3) Execution.  It’s a sign of the youthfulness of this team that you still see so many problems with basic execution week after week.  By basic execution I mean too many penalties, too many drops, too many blown assignments, etc.  Green Bay was the most penalized team in the league last year with 984 yards.  They have only improved that slightly this year – currently ranking 7th in league with 229 penalty yards.

They had 7 penalties for 57 yards against Minnesota, but many of those came at crucial times – like the holding penalty on the kick return after the Vikings went up 28-14.  Rather than starting that drive at mid-field after a good Nelson return, they were back at their own 19.  Another example was the double penalties (offsides and pass interference, the latter being complete BS) that took away Woodson’s interception in the end zone – not harmful on the stat sheet (only a one-yard penalty), but effectively cost them 7 points.

Lee’s dropped pass in the end zone on 4th and goal at the 1 (and, for that matter, not being able to get in on the previous three plays) was another example.  There have been too many dropped balls this season.  Drops and penalties can seem small in the context of the game, but collectively they are a death by a thousand cuts that make it really hard to consistently win.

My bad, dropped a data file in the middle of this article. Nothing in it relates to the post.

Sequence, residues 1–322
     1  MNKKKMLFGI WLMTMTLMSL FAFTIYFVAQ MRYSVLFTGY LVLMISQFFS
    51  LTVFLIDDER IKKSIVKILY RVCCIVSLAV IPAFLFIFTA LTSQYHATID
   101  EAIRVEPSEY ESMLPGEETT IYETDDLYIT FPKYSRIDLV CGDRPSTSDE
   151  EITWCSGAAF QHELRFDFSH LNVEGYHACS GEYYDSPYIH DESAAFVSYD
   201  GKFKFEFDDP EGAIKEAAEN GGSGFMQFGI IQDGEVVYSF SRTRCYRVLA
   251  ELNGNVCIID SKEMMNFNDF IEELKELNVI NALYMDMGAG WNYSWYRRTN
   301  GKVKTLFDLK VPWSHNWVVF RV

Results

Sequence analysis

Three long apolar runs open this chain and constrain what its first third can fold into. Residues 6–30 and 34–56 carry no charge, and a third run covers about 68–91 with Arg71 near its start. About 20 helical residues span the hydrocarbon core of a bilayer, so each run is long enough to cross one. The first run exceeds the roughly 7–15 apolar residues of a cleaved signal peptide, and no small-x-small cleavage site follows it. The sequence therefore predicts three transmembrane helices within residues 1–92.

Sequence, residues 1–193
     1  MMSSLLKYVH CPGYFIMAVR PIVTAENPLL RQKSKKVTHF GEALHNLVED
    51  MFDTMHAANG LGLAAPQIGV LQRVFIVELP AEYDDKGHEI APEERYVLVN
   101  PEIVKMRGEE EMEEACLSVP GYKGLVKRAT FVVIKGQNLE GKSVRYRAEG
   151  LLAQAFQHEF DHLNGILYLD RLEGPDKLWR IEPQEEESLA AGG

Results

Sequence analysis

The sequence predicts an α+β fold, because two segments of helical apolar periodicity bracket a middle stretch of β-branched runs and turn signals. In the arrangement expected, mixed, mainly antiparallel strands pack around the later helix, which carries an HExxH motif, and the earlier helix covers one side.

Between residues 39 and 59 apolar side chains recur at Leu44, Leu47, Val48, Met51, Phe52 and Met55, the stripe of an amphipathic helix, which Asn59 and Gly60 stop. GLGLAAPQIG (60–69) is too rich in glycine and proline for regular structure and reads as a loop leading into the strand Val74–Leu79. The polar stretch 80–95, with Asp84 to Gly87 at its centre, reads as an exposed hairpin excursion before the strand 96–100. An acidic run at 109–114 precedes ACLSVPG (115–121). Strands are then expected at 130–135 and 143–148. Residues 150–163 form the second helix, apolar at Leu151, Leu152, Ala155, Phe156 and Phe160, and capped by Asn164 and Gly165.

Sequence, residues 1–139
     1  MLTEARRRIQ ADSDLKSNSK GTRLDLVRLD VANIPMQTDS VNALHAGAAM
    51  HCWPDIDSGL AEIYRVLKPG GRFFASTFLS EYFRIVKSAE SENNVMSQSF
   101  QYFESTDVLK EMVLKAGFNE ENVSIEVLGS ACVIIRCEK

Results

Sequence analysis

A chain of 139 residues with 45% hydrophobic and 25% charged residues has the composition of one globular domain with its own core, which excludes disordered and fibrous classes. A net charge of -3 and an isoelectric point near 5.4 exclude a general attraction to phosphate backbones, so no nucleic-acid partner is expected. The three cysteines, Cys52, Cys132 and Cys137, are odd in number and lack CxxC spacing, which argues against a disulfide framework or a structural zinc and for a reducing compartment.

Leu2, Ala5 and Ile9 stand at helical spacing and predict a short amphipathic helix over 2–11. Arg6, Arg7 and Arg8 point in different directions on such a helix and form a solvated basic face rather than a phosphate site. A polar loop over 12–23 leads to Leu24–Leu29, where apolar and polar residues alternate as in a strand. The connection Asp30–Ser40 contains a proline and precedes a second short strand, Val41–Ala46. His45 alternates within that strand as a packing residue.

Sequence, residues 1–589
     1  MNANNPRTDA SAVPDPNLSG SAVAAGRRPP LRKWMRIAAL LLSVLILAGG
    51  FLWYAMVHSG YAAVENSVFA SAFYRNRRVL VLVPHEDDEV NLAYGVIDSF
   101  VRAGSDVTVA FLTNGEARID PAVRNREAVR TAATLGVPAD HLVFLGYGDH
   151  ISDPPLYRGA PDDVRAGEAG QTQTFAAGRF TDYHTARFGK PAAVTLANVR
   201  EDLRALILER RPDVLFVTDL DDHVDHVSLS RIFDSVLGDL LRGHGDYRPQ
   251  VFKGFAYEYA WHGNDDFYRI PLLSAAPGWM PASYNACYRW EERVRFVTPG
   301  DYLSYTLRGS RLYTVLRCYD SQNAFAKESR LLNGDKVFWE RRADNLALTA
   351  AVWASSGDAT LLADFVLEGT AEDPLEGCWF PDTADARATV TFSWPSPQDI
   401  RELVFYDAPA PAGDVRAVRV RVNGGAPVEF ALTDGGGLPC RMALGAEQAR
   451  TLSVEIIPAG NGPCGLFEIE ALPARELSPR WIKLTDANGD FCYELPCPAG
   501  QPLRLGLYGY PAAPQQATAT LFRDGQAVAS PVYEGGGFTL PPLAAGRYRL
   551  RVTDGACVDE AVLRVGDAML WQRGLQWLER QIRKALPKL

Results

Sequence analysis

But probably the most painful part of Monday’s game is that despite Favre’s near-perfect game, and the complete inability of our line to stop the pass rush, we still almost won.  Both our losses have come down to an onside kick at the end of regulation.  These are the same hard, close games that we kept losing last year too.  Whatever it is – confidence, aggressiveness, determination, will, etc. – that causes good teams to persevere in those close games seems to be the biggest intangible missing ingredient in this team.  Hopefully, a bye week and games against the Lions and Browns will help them find it.  Because they will need it on November 1 when Brett is back in town.

Thursday, October 1, 2009

What Green Bay needs to do to beat the Vikings this week

The hype is getting more deafening than that dude with the viking horn in the Metrodome.  The match-up we've all been looking forward to is finally here on Monday night.  And I'm pulling a late nighter to break it all down for you, cause that's the kind of dedication you've come to expect from me in my three-week blogging career.

So, in addition to my normal post-game trifecta of insights, I'm doing my first pre-game post on the three keys to this week's showdown at the Mall of America. I've busted out my favorite new Packer schwag to honor our legendary former quarterback, pulled out my keyboard, and documented what I see as the three keys to victory.

1) Shut down the fans.  I've never to the Metrodome, but it can apparently get pretty loud in there.  The storied venue, clinging stubbornly to a bygone era when domes were considered cutting edge, was rebranded recently as Mall of America Field.  "Branding the Metrodome as Mall of America Field connects two treasured Minnesota pastimes," said Maureen Bausch, executive vice president of business development at Mall of America.  "Getting fat and making an ass out of yourself."